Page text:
Indeed, when we encounter him, Pickman has turned into a Ghoul himself!   Of course, we have to take this with a grain of salt.  Carter and Pickman are in the Dreamlands, and we might suspect that Pickman in the dream reality may not have the same form as he does in real life.   Nevertheless, there’s a clear inference that a Ghoul, or at least some Ghouls, are transformed humans.

It turns out that in waking, Pickman and Carter knew each other, and that Pickman before he vanished, taught Carter some degree of the language of Ghouls, “disgusting meeping and glibbering.”  In fact, Pickman once introduced him to a Ghoul, which Carter describes as canine faces, slumping forms and ‘unmentionable idiosyncrasies.’   I guess cannibalism is not talked about among the polite set.

From the start, Carter betrays little fear of Ghouls, confident that he can communicate with them, and confident that they will not be immediately unreasonable or aggressive.  Indeed, his shouts from the bottom of a pit result in a helpful passing ghoul throwing down a rope to rescue him.  He encounters a tribe eating, they are for the most part curious but respectful, though one pinches him.  They converse politely, and an elderly Ghoul, whose flesh has turned greenish, leads him to his friend:

“There, on a tombstone of 1768 stolen from the Granary Burying Ground in Boston, sat a ghoul which was once the artist Richard Upton Pickman. It was naked and rubbery, and had acquired so much of the ghoulish physiognomy that its human origin was already obscure. But it still remembered a little English, and was able to converse with Carter in grunts and monosyllables, helped out now and then by the glibbering of ghouls.”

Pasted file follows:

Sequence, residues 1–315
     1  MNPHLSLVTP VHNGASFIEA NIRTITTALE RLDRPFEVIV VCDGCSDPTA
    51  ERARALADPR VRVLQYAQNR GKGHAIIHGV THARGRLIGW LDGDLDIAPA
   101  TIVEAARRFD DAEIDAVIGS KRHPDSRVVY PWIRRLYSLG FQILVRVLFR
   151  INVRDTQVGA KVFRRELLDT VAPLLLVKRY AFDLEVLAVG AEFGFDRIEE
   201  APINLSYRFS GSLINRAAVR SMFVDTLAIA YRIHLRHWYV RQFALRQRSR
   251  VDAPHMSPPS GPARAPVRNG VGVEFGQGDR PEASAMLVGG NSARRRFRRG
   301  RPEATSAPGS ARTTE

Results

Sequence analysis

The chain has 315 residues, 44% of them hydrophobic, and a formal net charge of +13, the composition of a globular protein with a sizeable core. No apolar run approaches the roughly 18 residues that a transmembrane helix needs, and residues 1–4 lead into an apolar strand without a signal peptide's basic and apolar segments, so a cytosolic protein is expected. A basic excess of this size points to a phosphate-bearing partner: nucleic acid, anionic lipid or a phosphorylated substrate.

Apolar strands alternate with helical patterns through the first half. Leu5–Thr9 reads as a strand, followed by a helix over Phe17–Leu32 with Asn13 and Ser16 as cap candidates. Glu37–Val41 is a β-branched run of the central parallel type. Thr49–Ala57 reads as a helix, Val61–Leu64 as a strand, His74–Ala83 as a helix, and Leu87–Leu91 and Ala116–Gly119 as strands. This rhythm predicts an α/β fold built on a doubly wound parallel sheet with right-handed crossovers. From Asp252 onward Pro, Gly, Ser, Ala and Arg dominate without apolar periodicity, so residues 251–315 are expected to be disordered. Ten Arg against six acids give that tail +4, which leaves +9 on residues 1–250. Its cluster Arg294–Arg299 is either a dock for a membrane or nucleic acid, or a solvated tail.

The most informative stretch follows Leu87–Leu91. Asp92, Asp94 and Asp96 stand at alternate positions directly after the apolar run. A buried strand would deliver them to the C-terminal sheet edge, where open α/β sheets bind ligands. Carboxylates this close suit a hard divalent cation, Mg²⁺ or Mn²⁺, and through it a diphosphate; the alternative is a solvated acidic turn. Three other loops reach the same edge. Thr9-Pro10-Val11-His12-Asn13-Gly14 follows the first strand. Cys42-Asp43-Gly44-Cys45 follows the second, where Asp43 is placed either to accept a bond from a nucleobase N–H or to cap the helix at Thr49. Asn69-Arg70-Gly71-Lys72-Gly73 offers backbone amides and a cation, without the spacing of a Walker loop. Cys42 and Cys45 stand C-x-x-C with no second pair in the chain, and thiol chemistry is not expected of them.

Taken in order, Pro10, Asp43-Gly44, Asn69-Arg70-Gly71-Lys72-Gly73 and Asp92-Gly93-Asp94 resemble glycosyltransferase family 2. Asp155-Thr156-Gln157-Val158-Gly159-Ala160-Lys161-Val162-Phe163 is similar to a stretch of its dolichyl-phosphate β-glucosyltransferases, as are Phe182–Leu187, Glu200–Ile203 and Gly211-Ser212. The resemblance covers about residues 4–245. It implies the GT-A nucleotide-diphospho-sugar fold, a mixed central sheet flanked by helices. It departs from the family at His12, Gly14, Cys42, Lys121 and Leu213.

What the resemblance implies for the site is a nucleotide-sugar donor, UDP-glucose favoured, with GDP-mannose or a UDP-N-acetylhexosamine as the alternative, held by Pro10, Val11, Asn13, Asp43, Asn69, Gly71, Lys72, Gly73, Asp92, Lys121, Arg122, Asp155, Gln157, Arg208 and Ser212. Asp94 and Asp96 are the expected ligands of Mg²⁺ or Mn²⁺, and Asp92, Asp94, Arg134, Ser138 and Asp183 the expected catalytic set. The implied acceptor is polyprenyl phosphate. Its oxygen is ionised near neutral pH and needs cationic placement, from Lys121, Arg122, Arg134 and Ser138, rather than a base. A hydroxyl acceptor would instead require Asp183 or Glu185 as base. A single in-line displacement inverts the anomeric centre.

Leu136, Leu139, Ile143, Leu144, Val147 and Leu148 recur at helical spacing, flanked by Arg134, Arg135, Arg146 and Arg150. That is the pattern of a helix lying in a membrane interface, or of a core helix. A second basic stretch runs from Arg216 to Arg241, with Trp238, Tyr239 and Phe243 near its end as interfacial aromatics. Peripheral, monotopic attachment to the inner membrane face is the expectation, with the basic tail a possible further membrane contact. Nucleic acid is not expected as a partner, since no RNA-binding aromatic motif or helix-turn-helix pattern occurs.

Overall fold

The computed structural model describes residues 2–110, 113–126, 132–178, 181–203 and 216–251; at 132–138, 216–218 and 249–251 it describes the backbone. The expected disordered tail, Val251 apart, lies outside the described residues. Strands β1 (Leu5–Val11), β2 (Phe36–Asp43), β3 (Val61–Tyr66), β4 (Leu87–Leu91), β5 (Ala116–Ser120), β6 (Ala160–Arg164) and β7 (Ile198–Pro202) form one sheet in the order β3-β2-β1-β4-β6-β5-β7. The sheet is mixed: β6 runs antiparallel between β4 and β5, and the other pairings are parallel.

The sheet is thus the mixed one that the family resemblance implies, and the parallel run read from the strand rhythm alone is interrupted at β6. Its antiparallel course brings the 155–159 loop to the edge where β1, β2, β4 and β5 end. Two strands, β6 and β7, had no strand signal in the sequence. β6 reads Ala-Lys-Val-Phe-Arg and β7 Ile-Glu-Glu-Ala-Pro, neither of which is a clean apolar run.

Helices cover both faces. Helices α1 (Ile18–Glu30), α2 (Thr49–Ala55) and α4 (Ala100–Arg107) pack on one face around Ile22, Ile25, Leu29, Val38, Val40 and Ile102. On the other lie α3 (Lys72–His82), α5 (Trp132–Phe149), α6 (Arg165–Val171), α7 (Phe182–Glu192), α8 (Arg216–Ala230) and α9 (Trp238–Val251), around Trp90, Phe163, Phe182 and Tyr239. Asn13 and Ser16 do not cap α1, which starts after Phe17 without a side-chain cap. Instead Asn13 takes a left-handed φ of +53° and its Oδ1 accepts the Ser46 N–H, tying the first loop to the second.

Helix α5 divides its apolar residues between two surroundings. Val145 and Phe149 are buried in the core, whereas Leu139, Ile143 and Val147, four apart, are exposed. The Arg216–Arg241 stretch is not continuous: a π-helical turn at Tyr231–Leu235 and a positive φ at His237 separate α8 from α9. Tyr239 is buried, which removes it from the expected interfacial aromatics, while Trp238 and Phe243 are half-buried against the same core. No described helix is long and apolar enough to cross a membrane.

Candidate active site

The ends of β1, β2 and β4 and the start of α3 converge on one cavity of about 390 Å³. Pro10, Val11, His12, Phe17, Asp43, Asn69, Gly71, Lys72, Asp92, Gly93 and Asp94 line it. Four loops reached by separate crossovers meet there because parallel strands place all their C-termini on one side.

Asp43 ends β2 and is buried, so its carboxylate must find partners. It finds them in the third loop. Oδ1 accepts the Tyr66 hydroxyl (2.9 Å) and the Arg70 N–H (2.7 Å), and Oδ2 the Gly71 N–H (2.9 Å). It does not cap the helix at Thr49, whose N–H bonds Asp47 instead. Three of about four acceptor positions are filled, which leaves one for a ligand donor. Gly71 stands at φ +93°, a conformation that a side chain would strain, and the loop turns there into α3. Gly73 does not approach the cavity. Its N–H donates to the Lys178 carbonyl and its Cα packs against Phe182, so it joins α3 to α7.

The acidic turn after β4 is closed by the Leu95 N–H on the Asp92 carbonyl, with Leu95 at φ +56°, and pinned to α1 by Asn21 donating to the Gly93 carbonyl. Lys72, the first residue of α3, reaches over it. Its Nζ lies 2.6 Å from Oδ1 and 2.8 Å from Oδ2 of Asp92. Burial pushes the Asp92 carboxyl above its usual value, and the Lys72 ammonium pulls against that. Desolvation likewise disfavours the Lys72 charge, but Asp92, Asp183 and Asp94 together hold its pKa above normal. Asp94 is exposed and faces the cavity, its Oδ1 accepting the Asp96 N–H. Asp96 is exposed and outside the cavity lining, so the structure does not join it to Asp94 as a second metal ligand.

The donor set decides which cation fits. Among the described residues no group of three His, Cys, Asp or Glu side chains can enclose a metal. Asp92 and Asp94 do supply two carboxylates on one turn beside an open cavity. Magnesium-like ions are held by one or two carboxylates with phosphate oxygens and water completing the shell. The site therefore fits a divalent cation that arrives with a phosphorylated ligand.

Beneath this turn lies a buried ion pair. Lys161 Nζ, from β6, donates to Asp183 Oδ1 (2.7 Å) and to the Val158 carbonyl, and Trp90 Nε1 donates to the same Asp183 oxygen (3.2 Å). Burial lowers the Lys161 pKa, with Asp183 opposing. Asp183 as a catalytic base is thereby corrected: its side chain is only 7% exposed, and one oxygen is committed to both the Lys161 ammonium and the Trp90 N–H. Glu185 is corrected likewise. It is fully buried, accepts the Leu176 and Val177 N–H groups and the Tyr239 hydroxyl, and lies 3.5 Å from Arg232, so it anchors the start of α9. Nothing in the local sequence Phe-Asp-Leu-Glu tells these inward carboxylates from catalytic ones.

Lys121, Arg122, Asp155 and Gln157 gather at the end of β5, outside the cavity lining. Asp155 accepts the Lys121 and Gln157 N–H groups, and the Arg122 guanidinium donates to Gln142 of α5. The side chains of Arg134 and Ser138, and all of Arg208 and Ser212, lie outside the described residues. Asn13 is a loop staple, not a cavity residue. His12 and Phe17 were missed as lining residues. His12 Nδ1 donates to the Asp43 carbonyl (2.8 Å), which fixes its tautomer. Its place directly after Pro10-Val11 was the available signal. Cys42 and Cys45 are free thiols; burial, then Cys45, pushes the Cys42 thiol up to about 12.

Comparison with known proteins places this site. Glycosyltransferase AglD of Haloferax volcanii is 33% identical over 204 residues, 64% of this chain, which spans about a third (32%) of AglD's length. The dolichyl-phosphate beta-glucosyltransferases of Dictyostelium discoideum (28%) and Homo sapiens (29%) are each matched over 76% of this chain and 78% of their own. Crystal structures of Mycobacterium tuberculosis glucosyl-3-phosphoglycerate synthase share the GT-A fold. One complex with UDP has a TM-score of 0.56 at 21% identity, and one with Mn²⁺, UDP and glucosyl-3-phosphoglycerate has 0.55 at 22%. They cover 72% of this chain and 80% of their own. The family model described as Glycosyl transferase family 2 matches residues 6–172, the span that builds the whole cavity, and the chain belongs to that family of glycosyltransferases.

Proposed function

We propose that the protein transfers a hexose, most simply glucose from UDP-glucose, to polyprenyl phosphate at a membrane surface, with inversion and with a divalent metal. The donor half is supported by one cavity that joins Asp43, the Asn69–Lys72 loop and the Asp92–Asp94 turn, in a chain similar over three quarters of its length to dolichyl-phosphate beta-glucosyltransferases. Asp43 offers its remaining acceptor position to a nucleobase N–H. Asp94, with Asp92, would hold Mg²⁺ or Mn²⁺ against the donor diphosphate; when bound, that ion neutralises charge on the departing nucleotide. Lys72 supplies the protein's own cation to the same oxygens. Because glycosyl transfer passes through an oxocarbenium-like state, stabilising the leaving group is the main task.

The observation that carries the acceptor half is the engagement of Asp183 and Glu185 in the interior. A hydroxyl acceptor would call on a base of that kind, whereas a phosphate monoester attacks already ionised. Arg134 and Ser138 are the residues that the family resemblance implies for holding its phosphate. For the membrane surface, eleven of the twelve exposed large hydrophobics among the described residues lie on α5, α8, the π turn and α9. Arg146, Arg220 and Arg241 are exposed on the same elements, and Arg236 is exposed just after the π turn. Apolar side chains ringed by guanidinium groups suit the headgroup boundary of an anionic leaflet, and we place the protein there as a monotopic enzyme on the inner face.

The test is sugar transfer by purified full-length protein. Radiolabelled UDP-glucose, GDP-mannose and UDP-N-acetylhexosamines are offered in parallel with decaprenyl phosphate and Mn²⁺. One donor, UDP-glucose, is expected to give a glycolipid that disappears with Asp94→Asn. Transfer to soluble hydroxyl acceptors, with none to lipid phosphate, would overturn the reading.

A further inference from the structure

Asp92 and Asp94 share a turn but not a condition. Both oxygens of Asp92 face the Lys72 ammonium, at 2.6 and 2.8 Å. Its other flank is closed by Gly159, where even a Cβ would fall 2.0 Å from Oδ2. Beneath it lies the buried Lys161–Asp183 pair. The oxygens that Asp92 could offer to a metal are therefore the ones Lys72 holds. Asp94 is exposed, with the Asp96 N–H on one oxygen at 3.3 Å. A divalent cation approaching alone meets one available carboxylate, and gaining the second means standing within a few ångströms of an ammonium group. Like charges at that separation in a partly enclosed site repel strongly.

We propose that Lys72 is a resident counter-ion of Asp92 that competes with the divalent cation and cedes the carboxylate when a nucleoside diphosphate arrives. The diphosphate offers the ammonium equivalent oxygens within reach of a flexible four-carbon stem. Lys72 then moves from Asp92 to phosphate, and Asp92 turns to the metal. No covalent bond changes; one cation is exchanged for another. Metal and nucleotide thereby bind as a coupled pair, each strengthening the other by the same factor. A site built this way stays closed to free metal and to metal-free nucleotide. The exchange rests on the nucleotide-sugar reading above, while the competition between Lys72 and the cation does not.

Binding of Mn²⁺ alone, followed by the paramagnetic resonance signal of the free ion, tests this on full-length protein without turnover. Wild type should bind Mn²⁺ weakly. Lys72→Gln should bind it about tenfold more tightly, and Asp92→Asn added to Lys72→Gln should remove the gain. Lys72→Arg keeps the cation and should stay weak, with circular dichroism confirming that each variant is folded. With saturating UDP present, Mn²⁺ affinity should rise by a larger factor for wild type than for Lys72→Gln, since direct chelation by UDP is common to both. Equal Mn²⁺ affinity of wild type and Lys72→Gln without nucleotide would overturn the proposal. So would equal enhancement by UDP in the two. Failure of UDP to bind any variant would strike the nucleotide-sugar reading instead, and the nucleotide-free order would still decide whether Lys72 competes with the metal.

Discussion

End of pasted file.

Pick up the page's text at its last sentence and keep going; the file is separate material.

Pickman is pretty helpful:

“Pickman even consented to lend three ghouls to help with a tombstone lever in raising the stone door; for of ghouls the Gugs are somewhat afraid, and they often flee from their own colossal graveyards when they see them feasting there.   ....He also advised Carter to disguise as a ghoul himself; shaving the beard he had allowed to grow (for ghouls have none), wallowing naked in the mould to get the correct surface, and loping in the usual slumping way, with his clothing carried in a bundle as if it were a choice morsel from a tomb.”